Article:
INTRODUCTION TO ePTFE AND ITS USE IN BIOMATERIALS APPLICATIONS
Poly(tetrafluoroethylene) (PTFE), a fully fluorinated polymer, is polymerized from tetrafluoroethylene (CF2CF2). It is a linear thermoplastic polymer, which was discovered in 1938 by Plunkett while working for Du Pont. The strong CC and CF bonds[2, 3] together with the helical structure of the polymer chain caused by the relatively larger size of fluorine atoms compared to carbon atoms[2, 4] give PTFE high thermal and chemical stability. Furthermore, since the carbon atoms in the chain are enclosed within a sheath of electronegative fluorine atoms the polymer chains are very stiff and this results in a highly crystalline material. PTFE exhibits good electrical insulating properties, has high toughness, is non-adhesive, has anti-frictional properties and is extremely hydrophobic.[5, 6]
The expanded form of PTFE (ePTFE) was developed by Wilbert Gore with the first patent for the process granted in 1976 followed by several subsequent inventions over the following years.[7, 8] The stretching process was conducted at temperatures above the lowest crystalline melting point of PTFE and resulted in an increase in amorphous content of ePTFE compared to the starting material. The ePTFE materials can be described as having a microstructure composed of nodes interconnected by fibrils. The size of the morphological features as well as the crystallinity can be tailored by the conditions used in the expansion process. This is illustrated in Figure 1 which shows the SEM images of ePTFE membranes from three different suppliers. The percent crystallinity was determined as previously reported, and is indicated in the figure text.
The first reported biomaterials application of PTFE was as an artificial heart valve. Shortly after, a woven textile graft of PTFE found application as a vascular graft material, however, it was found not to be ideal as it unraveled post implantation. In contrast, ePTFE has proven more favorable as a biomaterial due to its antithrombotic surface and porosity which allow tissue in-growth (e.g., fibrovascular and dermis). Furthermore, it displays enhanced mechanical integrity. PTFE is one of few (if not the only) synthetic polymer which is truly biostable and an in vivo study of ePTFE showed that it is stable for up to 6.5 years (length of study) after implantation. Because of its overall good performance in the human body PTFE and in particular ePTFE have found numerous biomaterials applications, some of which are listed in Table 1. While W. L. Gore and Associates continues to manufacture ePTFE materials and has an extensive product range in the medical implant market, other companies included in Table 1 likewise provide PTFE materials for biomaterials applications.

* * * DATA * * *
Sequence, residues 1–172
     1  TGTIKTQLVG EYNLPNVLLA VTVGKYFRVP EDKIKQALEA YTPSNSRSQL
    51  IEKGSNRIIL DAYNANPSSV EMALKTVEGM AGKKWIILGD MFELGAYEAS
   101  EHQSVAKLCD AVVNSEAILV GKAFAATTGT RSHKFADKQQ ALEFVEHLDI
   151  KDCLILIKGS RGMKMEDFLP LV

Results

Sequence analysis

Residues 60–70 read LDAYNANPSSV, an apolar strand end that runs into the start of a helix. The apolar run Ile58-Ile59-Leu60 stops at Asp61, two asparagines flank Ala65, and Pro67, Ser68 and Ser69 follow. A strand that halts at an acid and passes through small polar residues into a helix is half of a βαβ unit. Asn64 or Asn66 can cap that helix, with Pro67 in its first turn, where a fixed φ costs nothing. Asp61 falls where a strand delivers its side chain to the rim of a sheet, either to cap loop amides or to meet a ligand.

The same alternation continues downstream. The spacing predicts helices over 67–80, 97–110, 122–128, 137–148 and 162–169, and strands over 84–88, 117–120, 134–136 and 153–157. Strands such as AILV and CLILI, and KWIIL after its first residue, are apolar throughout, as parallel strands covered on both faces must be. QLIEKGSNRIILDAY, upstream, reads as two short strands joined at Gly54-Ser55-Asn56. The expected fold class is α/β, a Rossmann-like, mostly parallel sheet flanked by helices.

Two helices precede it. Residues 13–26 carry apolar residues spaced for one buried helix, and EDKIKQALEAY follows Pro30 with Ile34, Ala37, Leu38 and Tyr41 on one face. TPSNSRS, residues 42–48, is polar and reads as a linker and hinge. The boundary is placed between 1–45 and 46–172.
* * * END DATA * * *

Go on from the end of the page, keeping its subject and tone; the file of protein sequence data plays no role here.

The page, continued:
|Vascular graft||Gore-Tex®||W. L. Gore and Associates|
|AV Access Graft||BARD®|
|Advanta™ Graft||Atrium Medical Corporation|
|Bypass graft||Gore® Hybrid Vascular Graft||W. L. Gore and Associates|
|Tissue space-filler in soft tissue reconstruction||Gore® DUALMESH®||W. L. Gore and Associates|
|GORE-TEX® Soft Tissue Patch||W. L. Gore and Associates|
|PTFE knitted mesh||SurgicalMesh™|
|Guided bone regeneration||Cytoplast™ micro textured high density membrane||Osteogenics Biomedical|
|TefGen regenerative Membrands™||Lifecore Biomedical|
|Hernia membrane||Gore® DUALMESH®||W. L. Gore and Associates|
|PTFE knitted mesh||SurgicalMesh™|
|Sutures||Gore-Tex®||W. L. Gore and Associates|
|Suture support||Cytoplast® monofilament||Osteogenics Biomedical|
|Pledget||Santec medicalprodukte gmbp|
It has long been established that ePTFE is suitable in vascular graft applications in general, however, it cannot be used for small diameter grafts due to occlusion caused by thrombosis and intimal hyperplasia. This issue has been addressed in a modified ePTFE material manufactured by W.L. Gore under the trade name Propaten® and more detail of this product will be given in the Vascular section. Another application where it has been identified that the material itself is not ideal but requires modification of its surface in order to provide an implant with optimal performance is in its use as soft tissue fillers interfacing with bone tissue. To the best of our knowledge these are the two applications where the largest research efforts have been conducted in order to improve the medical performance of ePTFE and this article therefore seeks to provide a comprehensive review of these two applications. The focus will be on research done in the period from 2004 to July 2013.